It was Tuesday evening on my epic May 2023 pizza trip and I was making my way up a Chicago alley whose location I won’t disclose here.
I was heading to John Carruthers’ house to pick up a special Crust Fund Pizza order.
If you’re not familiar, Carruthers has been running Crust Fund Pizza as a fundraiser since August 2020, having perfected his recipe for “tavern style” thin crust earlier in the year as part of a family pizza night during the early days of the pandemic.
Once a month, Carruthers drops a link on his Instagram (@nachosandlager) for people to sign up for slots in his Monday night “pop in.” Anyone lucky enough to snag a slot puts in their order, pays $25 to that month’s benefitting non-profit, and upon proof of payment gets the address for the alley pickup. It’s a different non-profit each month, each one a community organization working to serve Chicagoans.
I was visiting on an off week for Crust Fund, but I’d been in touch with John via DM and he’d offered to make me a pie outside his usual schedule. I usually try not to take advantage of whatever pizza clout I have, but I didn’t know when I’d be back so I made an exception here.
Note: At no time does Carruthers directly take payment for his pizza. You donate directly to the non-profit, send your receipt to John, and he then makes a pizza for you. As he noted, “This is friends making pizza for friends.” IOW, he’s not operating a business out of his home.
John is an adherent of the “cured crust” style of Chicago thin-crust. That’s where the dough is rolled out and left exposed to dry out a bit, either at room temperature or in the fridge or some combination of both. Moisture in the dough evaporates, leaving the resulting “skin” leathery. This leads to a firmer, crisper crust than would otherwise be possible with such a thin dough. (J. Kenji Lopez-Alt has a great overview of this on at the New York Times.)
Confession: I wasn’t getting the full Crust Fund experience. Instead of picking up in the garage in the alley, John said I could just come and knock quietly at the door so as not to wake the baby. Still, I figured I’d try the alley thing. As I made my way in the lane behind the houses, I arrived at what I figured was John’s place. I could see a head bobbing in the lighted window of a kitchen, with all the apparent motions of prepping or cooking a pizza—or so I imagined.
I texted, and John invited me in. I had no idea what was to come. I’d assumed he would have the pizza ready and waiting and might chat a little bit before sending me on my way. But as I went to open the pizza box sitting on his kitchen island, it felt way too light.
That’s because there was nothing in it—he’d been waiting for me to show up so he could make the pizza to order. Hence, you get the impromptu Make & Bake in the video up top 👆
I was hoping I’d get to see him in action, but the visit and private pizza session was more than I could have asked for. Over a beer, we chatted about his method, his work at Revolution Brewing, pizza styles, and various fine points of Chicago-thin crust pizza.
For instance, I’d never considered the number of cuts on a tavern-cut (aka “party cut”) pizza. John does a 4×4 cut (resulting a 5×5 grid), but pointed out that a pizzeria’s particular pattern is often based on how far they want to “stretch” a pizza back in the days when they operated as bars and offered pizza as a freebie to keep patrons drinking. (Later on in the trip, the folks at Kim’s Uncle Pizza would mention doing a 3×4—the odd number being crucial if you’re making pies that have half-orders on toppings.)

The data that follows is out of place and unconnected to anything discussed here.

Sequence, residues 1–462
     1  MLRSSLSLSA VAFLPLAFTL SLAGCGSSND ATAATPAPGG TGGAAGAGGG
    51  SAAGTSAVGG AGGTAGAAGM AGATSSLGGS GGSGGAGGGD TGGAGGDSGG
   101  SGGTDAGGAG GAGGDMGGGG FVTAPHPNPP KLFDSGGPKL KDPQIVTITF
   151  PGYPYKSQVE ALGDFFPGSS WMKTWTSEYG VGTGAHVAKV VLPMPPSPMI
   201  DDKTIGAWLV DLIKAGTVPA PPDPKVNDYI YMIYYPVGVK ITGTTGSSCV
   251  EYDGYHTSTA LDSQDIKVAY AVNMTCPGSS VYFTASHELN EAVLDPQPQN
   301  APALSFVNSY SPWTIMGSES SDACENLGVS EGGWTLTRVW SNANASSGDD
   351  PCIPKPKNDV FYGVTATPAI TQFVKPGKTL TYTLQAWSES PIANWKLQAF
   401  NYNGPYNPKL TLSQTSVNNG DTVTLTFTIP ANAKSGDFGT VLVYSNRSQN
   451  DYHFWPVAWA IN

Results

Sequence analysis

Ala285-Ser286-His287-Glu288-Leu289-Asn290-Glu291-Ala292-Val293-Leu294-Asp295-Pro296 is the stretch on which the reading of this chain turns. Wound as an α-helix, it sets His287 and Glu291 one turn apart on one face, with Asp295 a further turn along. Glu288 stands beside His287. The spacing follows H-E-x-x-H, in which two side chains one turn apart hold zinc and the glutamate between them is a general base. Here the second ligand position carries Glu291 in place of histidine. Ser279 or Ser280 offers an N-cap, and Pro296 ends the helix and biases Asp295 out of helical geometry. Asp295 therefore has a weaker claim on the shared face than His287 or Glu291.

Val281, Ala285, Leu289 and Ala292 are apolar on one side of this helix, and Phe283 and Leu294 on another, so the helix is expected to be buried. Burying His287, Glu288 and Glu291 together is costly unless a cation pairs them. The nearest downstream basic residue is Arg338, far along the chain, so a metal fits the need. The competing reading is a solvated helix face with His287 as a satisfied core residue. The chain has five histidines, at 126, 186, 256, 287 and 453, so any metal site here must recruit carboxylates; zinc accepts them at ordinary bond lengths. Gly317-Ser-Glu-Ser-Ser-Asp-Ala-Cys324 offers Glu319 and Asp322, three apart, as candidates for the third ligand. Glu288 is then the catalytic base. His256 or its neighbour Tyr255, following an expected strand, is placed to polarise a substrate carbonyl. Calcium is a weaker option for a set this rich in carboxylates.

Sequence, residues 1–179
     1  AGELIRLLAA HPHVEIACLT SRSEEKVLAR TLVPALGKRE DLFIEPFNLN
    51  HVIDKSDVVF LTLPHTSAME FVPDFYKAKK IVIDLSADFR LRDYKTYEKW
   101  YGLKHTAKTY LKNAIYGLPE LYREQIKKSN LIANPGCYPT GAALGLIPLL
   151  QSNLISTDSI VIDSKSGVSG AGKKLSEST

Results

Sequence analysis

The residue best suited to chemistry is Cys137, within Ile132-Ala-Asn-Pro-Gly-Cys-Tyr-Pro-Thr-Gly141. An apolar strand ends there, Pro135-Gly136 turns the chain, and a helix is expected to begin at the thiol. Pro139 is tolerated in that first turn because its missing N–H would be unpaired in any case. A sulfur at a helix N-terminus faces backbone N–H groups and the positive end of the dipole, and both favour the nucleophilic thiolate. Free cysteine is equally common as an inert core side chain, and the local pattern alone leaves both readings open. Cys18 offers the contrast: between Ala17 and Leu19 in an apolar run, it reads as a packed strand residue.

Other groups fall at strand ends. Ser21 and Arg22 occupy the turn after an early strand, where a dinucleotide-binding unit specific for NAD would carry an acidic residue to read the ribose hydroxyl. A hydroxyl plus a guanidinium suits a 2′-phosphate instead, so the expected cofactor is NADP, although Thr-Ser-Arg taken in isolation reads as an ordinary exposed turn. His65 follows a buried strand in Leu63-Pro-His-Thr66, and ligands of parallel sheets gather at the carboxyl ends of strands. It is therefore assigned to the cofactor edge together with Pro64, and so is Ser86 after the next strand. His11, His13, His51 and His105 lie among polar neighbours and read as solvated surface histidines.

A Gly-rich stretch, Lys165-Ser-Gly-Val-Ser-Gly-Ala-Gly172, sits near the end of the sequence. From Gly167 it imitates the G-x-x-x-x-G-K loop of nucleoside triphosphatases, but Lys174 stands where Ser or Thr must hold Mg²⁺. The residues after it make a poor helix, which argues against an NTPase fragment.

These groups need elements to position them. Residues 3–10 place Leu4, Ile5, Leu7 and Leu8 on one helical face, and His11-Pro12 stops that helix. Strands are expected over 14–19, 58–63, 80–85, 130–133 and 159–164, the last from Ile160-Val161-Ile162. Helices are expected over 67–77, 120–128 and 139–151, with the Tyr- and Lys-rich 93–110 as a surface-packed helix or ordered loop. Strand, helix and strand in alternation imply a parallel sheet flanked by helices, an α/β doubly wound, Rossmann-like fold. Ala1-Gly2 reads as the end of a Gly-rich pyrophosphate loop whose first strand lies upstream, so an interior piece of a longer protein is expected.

The pizza I’d “ordered” weeks before rolling up was a sausage and (light) giardiniera. I requested a light hand on the pickled vegetables because last time I was in Chicago, I didn’t love the topping when I had it on a Pequod’s deep dish. But John and others would point out that that’s often because some spots don’t drain off the brine that well, resulting in an overly salty and/or too-piquant pie.
This pizza was perfectly balanced in terms of toppings. And it was crisp and as thin as the Zaffiro’s and Wells Brothers pies I’d had. John says he goes a little lighter on cheese than some tavern-style places because, after the crust, he thinks sauce is the most important flavor factor on a pizza. As someone who prefers a saucier pizza, I approve of this approach and will go further and say I think this pie would be even better with EXTRA SAUCE. I hope I’m able to visit again and try that.
In the meantime, I’ll make do with Pizza for Everyone, a Chicago pizza cookbook and meditation on pizza by Carruthers and the Crust Fund Collective. John was kind enough to include it with my order, and you can bet I’ll be cooking from it at some point. Pick up a copy—proceeds also benefit various Chicago non-profits.
Crust Fund’s school cafeteria pizza
Last, I’m going to leave this PS here, and it’s that John has recently been making another style of pizza I’d love to try—school lunch pizza, made from the original USDA recipes school cafeterias used (still use?).
I’ve long been curious about this style after having seen it on a blog—I can’t remember whose, but it was a food writer I follow on Instagram, and she and I had a long DM convo about it, and now I can’t find it. If that’s you, please DM me on IG!
Anyway, John and Chicago food writer Dennis Lee started developing their recipe weeks ago and he debuted it a couple weeks after I left Chicago. Here are the old-school USDA recipes to peruse. If you’re in Chicago, you should follow John and try to get this style if/when he makes it—or of course go for his tavern pies.